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Marianna Stell, Reference Librarian, Rare Book and Special Collections Division
Amanda Zimmerman, Reference Librarian, Rare Book and Special Collections Division
Created: July 14, 2022
Last Updated: August 18, 2022
Since it was first given to the Library of Congress by philanthropist and bibliophile Lessing J. Rosenwald in 1952, the Giant Bible of Mainz has captured the imagination of the American public.
Now, through comprehensive, high-quality digitization, a new level of public access has been achieved. In keeping with Rosenwald's commitment to encouraging broad cultural engagement with the history of the illustrated book, digitization allows anyone with an interest in medieval manuscripts to encounter every page of this important and evocative manuscript.
One of the great illuminated manuscripts, the Giant Bible of Mainz represents an amazing moment of transition within the history of the book. A magnificent Middle-Rhenish manuscript copied between April 1452 and July 1453, the Giant Bible was written at the same time as Johann Gutenberg was printing his famous 42-line Bible using moveable metal type.
A part of the larger Rosenwald Collection, which focuses on the history of the illustrated book, the Giant Bible of Mainz highlights the Rare Book and Special Collection Division's collecting strength in fifteenth-century manuscripts and early printed books.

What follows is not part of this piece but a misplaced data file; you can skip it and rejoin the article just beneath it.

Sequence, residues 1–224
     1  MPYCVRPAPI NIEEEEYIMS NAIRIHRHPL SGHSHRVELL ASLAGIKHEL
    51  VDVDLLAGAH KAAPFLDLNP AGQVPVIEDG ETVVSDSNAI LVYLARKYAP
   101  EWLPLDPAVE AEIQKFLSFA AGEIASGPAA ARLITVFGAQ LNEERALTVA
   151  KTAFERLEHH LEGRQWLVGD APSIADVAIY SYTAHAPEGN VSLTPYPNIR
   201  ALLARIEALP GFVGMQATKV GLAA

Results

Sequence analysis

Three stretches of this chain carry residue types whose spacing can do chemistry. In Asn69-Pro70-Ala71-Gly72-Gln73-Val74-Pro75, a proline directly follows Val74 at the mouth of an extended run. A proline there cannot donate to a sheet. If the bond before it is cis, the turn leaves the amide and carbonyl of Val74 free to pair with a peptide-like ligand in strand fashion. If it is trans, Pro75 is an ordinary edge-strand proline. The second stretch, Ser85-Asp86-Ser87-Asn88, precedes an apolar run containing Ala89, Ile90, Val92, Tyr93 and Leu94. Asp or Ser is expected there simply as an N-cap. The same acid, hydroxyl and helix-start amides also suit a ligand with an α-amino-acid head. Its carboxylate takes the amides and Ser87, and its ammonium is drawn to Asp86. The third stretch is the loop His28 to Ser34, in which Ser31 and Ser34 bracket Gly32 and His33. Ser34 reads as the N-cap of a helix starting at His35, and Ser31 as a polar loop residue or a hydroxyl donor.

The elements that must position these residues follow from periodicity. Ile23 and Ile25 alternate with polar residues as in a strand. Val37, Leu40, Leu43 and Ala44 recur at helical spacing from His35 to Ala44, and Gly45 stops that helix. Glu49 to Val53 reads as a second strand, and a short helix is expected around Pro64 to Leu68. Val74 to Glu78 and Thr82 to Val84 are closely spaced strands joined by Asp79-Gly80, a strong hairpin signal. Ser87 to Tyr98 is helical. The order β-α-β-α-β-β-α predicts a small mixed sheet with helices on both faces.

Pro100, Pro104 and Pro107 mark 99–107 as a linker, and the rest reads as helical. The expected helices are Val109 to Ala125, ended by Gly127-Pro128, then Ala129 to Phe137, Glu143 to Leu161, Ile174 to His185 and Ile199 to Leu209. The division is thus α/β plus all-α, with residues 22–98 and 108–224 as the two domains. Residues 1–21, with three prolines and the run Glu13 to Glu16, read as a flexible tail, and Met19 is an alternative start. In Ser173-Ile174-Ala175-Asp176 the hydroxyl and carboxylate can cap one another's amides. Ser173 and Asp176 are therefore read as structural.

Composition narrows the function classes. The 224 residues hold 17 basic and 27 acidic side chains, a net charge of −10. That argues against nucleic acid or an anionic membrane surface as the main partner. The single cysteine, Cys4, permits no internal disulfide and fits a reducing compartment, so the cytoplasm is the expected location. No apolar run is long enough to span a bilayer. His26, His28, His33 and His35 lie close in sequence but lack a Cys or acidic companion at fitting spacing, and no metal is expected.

The unique materials of the Rare Book and Special Collections Division, now totaling over 1 million items, include books, broadsides, pamphlets, theater playbills, prints, posters, photographs, and medieval and Renaissance manuscripts. At the center is Thomas Jefferson's book collection, which was sold to Congress in 1815. The Rare Book & Special Collections Reading Room is modeled after Philadelphia's Independence Hall. This room is home to the divisional catalogs, reference collection, and reference staff. Collections are stored in temperature and humidity controlled vaults.